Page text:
Ben Cutler (Fred MacMurray) is an ex-lawman living in an idyllic Nebraska town. He’s a widower with a grown-up daughter and only weeks away from marrying Ruth Granger (Maggie Hayes), another single parent. His plans for a peaceful domestic future are thrown into disarray though by the arrival of a five man gang intent on robbing the bank. The heist doesn’t go entirely smoothly, resulting in a shoot-out and pursuit with a hastily assembled posse. The upshot of all this is the aging marshal (Emile Meyer) ends up dead, and the man accused of killing him is a former resident of the town, Eddie Campbell (Robert Vaughn). Cutler manages to wound Campbell and bring him back to town for trial, although the situation is complicated by the fact his daughter (Joan Blackman) was the outlaw’s childhood sweetheart and still carries a torch for him. Well the trial comes to pass, and Campbell ends up convicted of murder and sentenced to hang, principally on the evidence of Cutler who has been drafted in as a replacement marshal due to his previous experience. Throughout it all Campbell maintains his innocence with the support of Cutler’s daughter, who refuses to believe her former love capable of murder. As Campbell’s date with the gallows approaches the discontent within the town grows – Cutler’s isolation also increases as first his daughter, then his betrothed, and finally the citizenry turn their back on him and question his judgment and motives.

Nathan Juran is best known now for his science fiction and fantasy movies but he directed a number of pretty good westerns, notably with Audie Murphy. Good Day for a Hanging was a low-budget affair (recycling the score from 3:10 to Yuma throughout), resembling a TV western in some respects but quite competently handled by Juran. The opening quarter-hour is pretty stylish and tense as the build up to and execution of the bank robbery take place, Juran alternating nicely between wide shots and telling close-ups. The truth is the direction remains smooth all the way and the climactic shoot-out is well done. The script, however, is less satisfactory. One is left with the impression that the writers were unsure or undecided what point they wanted to press home. On the one hand, the whole movie seems to be building towards a condemnation of the death penalty, but then changes tack for the climax. There also seems to be that typical 50s concern with disaffected youth, but again the payoff is at odds with the end result. And then there’s the character of Cutler – the inner conflict of a man of principle is certainly explored, but he’s portrayed as such an implacable and frankly unsympathetic figure that even that doesn’t really hit the mark. All of this amounts to a very average western, and you can’t help but feel let down when you think of the creative and thematic heights the genre had reached by the end of the 50s.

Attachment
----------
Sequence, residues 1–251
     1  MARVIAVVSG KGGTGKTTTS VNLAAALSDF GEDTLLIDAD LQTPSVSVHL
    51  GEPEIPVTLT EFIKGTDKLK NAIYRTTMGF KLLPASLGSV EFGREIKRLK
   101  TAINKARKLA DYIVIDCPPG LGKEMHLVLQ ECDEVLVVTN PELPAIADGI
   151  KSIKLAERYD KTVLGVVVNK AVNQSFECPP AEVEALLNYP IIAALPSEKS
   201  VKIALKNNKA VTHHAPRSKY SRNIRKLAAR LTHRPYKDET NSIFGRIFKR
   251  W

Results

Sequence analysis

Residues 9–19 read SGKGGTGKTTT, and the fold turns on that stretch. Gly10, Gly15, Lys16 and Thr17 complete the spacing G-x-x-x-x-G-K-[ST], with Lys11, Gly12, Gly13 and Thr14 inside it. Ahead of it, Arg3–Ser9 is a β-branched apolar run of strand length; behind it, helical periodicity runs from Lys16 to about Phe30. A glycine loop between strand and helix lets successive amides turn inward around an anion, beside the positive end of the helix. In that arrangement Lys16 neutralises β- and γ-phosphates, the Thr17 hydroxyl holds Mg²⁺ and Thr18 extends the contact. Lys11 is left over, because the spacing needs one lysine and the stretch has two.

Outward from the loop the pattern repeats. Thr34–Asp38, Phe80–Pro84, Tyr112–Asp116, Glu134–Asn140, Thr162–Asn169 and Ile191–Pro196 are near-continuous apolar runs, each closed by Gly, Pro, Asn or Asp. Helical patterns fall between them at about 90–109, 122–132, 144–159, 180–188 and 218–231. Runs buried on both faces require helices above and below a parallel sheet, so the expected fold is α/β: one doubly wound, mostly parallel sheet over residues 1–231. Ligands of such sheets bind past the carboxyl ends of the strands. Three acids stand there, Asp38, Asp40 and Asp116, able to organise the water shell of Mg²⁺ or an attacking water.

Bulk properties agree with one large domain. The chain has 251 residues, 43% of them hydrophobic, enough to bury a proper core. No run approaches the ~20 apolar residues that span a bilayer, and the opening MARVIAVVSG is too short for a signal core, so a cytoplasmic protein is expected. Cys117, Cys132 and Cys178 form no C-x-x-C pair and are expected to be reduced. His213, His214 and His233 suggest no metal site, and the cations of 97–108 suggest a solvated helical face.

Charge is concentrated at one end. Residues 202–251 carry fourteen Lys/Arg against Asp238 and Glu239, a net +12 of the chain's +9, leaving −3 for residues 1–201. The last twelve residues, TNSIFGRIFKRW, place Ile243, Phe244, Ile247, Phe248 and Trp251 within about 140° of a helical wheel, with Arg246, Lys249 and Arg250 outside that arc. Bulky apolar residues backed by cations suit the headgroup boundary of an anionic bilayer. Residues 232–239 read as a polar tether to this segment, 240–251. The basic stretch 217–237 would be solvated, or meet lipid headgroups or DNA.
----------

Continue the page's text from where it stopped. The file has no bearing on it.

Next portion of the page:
Generally, I like Fred MacMurray in westerns, although I understand he wasn’t all that enthusiastic about doing them. His best roles always had a touch of ambiguity about them, and those where he was downright unsympathetic were probably the strongest. As Cutler, he had the opportunity to play to his strengths, his unbending conviction on the outside causing plenty of internal turmoil. For long stretches it’s hard not to see him as the villain of sorts, apparently oblivious to the mounting pressure from family, friends and community. But I’m not totally convinced that’s how we’re supposed to view him. Once again, I feel the writing is fault here rather than MacMurray – we’re encouraged to see him as others do as opposed to how he sees himself. And then there’s an element of unreality to it all; would any man honestly jeopardize his relations with those closest to him, those he genuinely loves, for what is at best a highly debatable principle? Pitted against him was Robert Vaughn, a man whose place in western lore was just a year away from being cemented in John Sturges’ The Magnificent Seven, but who would find his true niche in TV, particularly as The Man from U.N.C.L.E. He’s fine as the troubled youth as far as it goes, but I feel he suffers from the confused scripting too. The supporting cast features, Emile Meyer, Maggie Hayes, Joan Blackman, Denver Pyle and The Virginian, James Drury, all in perfectly acceptable if unremarkable roles.

Good Day for a Hanging was released some time ago in the US by Columbia – TriStar on DVD and should be easily available. The transfer to disc is OK, but nothing more. It’s in the correct widescreen ratio and doesn’t display any noticeable damage, but it’s a lackluster affair for all that. The image is a bit dull and faded, mediocre at best. Even so, this is the kind of film that’s unlikely to have a lot of care lavished on it so I’m happy enough to have it available in acceptable form. Have I been unduly harsh in my overall assessment? Perhaps, and others may disagree. For me, context is the key here; 1959 saw the release of some of the best films the western genre had to offer, and Good Day for a Hanging looks weak when set against them. I don’t think it’s a bad movie, MacMurray and Vaughn are very watchable and Juran does all that’s asked of him, but it promises a lot more than it ultimately delivers.

 
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Posted by on April 6, 2015 in 1950s, Fred MacMurray, Westerns